It’s very well-known by now that Pokemon hatched from eggs tend to have higher IV distributions than Pokemon caught in the wild (especially after the wild Pokemon IV glitch was fixed). The last formal study on this subject was conducted 3 months ago by /u/CrabHelmed and arrived at an interesting conclusion:
> Essentially, a caught Pokemon (barring the ATK IV glitch) rolls a "dice" of sorts, between 0 and 15, and that's the IV. However, egg Pokemon do it slightly differently. For each IV, they roll the dice 3 times, and take the highest.
However, I found this conclusion to be suspicious, because in the 50+ eggs that I had hatched at the time, none of them had an IV <10 in any stat. The chance of that happening under this IV paradigm is vanishingly low. So I, with contributions from /u/homu, undertook the task of recording our egg hatch IVs for over 2 months.
Over these 2+ months, for every Pokemon hatched from an egg, /u/homu and I checked its exact IVs using a TOS-breaking IV checker app. u/homu used PGNexus for this and I used GoStats for Android. We decided to use a TOS-breaking method because that would yield exact results, thereby excluding a potential source of error in calculating IVs using Pokemon level, HP, and CP (it also saved us a lot of stardust).
There were also random reports of Pokemon not hatching from their appropriate egg class (i.e., 5 km Pokemon hatching from 10 km eggs) and Pokemon hatching at a level >20. So for each hatch, we also recorded the egg’s respective distance and the resulting Pokemon’s starting level.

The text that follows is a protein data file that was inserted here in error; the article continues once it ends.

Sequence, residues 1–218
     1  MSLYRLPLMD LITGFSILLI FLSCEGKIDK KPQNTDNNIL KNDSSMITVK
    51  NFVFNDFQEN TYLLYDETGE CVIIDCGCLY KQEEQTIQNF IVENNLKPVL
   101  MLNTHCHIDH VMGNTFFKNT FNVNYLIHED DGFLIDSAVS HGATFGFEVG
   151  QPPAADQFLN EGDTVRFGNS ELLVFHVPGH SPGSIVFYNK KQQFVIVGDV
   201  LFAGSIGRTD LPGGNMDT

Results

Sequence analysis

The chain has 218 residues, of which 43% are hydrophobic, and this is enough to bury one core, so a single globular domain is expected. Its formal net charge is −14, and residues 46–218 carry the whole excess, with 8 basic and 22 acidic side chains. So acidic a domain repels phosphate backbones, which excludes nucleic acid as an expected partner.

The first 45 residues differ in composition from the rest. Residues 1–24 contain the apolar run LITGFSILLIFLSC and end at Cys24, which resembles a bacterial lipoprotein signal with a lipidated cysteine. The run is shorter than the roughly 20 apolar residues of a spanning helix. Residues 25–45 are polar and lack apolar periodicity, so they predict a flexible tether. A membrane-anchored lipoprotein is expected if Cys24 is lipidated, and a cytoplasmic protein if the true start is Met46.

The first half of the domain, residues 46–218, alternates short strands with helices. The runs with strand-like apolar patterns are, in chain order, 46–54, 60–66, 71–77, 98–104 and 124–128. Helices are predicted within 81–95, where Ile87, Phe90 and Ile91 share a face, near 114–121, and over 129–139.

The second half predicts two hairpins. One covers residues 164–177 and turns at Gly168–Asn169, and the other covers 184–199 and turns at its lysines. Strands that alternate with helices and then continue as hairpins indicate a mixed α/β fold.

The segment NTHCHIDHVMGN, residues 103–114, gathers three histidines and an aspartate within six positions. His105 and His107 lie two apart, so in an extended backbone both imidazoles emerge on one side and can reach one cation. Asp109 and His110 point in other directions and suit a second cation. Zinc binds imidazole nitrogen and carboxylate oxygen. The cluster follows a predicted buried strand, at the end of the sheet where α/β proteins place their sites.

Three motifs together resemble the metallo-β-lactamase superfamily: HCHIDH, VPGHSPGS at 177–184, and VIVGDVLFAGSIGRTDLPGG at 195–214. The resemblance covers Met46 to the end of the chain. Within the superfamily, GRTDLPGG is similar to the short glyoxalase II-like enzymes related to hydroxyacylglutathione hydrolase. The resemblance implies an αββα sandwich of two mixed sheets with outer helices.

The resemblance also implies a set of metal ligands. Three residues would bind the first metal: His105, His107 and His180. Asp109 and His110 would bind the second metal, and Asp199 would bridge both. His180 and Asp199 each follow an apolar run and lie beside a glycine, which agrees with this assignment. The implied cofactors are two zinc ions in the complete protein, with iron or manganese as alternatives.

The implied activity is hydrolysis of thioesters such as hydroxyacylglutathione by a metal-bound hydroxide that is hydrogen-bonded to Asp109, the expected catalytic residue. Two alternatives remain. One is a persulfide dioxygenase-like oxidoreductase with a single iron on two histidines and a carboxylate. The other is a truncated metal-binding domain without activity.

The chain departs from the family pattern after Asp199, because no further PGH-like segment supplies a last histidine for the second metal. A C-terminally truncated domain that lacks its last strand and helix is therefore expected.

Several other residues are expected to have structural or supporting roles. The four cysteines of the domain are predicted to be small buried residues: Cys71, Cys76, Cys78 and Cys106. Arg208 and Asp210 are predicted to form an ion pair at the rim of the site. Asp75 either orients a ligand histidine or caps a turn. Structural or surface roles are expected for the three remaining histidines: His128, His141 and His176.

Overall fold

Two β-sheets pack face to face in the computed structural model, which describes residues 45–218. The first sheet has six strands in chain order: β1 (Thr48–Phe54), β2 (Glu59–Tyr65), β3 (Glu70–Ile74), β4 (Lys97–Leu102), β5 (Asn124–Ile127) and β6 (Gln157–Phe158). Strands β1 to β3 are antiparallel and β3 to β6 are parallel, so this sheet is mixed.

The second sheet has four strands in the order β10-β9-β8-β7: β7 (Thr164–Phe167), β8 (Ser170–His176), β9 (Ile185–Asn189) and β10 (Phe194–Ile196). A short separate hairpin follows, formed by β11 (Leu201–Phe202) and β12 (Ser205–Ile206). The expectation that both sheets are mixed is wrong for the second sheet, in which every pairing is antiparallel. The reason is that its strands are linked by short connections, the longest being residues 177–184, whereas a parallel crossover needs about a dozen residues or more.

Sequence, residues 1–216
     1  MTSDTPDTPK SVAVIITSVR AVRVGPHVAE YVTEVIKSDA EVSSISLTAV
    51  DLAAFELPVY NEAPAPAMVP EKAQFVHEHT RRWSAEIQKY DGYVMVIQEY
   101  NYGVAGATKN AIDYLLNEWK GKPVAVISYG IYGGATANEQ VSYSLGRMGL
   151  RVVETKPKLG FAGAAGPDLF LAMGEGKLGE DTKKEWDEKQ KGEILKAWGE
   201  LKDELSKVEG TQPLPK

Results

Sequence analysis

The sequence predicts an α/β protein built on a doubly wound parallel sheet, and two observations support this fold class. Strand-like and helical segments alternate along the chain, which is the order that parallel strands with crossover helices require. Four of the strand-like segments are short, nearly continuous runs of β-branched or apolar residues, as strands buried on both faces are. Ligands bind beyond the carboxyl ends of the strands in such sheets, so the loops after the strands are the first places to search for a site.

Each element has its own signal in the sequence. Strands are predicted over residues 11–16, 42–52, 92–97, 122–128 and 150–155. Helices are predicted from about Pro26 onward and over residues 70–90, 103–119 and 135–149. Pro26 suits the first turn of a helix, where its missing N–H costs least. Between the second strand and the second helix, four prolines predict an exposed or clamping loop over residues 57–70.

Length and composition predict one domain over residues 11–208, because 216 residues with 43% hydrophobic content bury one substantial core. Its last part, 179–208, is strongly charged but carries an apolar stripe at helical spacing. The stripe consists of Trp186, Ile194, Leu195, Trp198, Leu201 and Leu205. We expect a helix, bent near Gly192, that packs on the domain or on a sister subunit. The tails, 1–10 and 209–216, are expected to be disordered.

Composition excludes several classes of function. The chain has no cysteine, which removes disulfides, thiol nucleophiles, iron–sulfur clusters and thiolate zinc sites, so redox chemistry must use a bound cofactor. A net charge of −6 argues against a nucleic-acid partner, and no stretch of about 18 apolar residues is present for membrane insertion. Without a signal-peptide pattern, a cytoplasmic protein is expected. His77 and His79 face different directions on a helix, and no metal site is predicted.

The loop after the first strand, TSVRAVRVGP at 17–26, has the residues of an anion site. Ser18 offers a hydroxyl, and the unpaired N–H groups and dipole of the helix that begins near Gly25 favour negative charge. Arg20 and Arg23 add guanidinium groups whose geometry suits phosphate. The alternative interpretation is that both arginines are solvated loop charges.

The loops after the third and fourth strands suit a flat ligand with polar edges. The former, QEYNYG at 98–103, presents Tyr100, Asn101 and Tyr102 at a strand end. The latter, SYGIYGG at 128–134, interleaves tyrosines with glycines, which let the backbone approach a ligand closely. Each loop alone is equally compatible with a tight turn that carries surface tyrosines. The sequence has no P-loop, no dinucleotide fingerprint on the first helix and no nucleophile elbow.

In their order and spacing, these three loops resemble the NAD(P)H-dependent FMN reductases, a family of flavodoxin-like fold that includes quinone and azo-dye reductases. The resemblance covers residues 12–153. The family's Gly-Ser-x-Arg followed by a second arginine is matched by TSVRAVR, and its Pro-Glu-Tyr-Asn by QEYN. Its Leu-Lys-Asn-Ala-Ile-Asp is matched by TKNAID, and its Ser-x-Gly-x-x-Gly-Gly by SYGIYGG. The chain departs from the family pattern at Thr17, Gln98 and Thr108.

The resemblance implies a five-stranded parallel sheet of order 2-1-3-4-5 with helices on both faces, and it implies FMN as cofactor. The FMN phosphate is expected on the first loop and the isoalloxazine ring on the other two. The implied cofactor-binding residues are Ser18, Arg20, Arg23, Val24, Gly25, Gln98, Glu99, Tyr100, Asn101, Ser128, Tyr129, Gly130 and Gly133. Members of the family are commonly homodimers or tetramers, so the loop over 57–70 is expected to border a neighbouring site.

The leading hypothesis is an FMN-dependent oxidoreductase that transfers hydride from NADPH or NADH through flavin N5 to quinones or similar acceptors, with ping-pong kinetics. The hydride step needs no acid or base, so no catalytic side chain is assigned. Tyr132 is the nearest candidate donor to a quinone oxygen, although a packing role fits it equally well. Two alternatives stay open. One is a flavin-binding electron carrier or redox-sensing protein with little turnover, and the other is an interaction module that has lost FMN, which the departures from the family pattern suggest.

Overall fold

For the IV distribution analysis, we assumed a null hypothesis that the egg hatch IV distribution was uniform across the range [10, 15]. We then performed a chi-squared analysis comparing the observed IV distribution against the expected IV distribution if the expectation were uniform.
We recorded 418 hatches in total between 8/23/16 and 11/2/16. Here’s a quick summary of the data:
We expected each IV value over the range [10, 15] to have 209 occurrences over the entirety of the data set. Although IV = 14 had more occurrences than any other value, the chi-square analysis failed to indicate that this was a statistically significant deviation from a uniform distribution.
None of the 418 hatches had an IV <10. The likelihood of this occurring under u/CrabHelmed's paradigm is astronomically small.
I can confidently state that u/CrabHelmed’s study has been obsoleted by this one. We failed to reject the null hypothesis that IV distribution of hatched Pokemon is over the range [10, 15] and our observations were entirely inconsistent with his proposed paradigm. Though we cannot prove for certain that our hypothesis is true, we do not think of any other hypothesis that is both parsimonious and fits the data.
Additionally, none of the 418 hatches violated the rules of egg distance or a max hatch level of 20. Take note that all data points were obtained before Eevee was converted into a 5 km hatch.
So what possibly accounts for the error that influenced u/CrabHelmed’s hypothesis? He hatched a larger data set (1000 eggs) through botting, so his study was airtight, right? Well, his study did not describe its methodology, so we don’t know for now how he observed the hatched Pokemon’s IVs.
Although the dataset is insufficiently large to confirm definitively, we saw no specific pattern that points toward the individual stamina, attack, and defense IVs correlated with each other in any way:
Assuming uniform individual IV distribution:
- The probability of at least a strong overall appraisal (66% IV or better) is 100%.
- The probability of the best overall appraisal (82.2% IV or better) is 62.5%.
- The probability of getting at least 1 stat with a 15 IV is 42%.
- The probability of a perfect hatch is 0.46%.
How overall IV % is distributed for hatched Pokemon:
|IV Total||IV %||Frequency||Chance of this or better|